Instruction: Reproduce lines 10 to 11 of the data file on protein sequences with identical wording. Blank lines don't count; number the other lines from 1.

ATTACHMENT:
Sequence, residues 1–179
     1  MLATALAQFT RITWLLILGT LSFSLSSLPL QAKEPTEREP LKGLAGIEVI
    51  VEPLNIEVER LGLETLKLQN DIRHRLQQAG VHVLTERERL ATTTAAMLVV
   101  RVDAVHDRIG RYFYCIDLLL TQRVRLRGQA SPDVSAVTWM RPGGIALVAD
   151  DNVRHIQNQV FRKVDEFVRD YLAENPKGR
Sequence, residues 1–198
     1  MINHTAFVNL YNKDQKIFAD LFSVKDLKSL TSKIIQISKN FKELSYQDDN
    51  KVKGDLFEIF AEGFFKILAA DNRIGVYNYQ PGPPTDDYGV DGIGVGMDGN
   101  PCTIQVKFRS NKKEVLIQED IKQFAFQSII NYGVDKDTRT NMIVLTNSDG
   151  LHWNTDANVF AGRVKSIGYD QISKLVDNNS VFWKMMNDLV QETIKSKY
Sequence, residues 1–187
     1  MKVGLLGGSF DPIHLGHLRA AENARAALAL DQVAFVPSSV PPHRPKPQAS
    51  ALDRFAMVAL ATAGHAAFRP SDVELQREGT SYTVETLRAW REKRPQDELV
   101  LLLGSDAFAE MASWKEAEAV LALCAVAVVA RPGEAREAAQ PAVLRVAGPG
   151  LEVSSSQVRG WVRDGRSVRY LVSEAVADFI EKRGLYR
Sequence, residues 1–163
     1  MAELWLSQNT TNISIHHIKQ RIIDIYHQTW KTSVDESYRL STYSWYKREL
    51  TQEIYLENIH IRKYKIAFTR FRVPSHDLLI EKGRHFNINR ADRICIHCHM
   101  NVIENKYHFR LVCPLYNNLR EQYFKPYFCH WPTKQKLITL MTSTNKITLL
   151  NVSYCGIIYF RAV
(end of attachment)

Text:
   151  LHWNTDANVF AGRVKSIGYD QISKLVDNNS VFWKMMNDLV QETIKSKY
Sequence, residues 1–187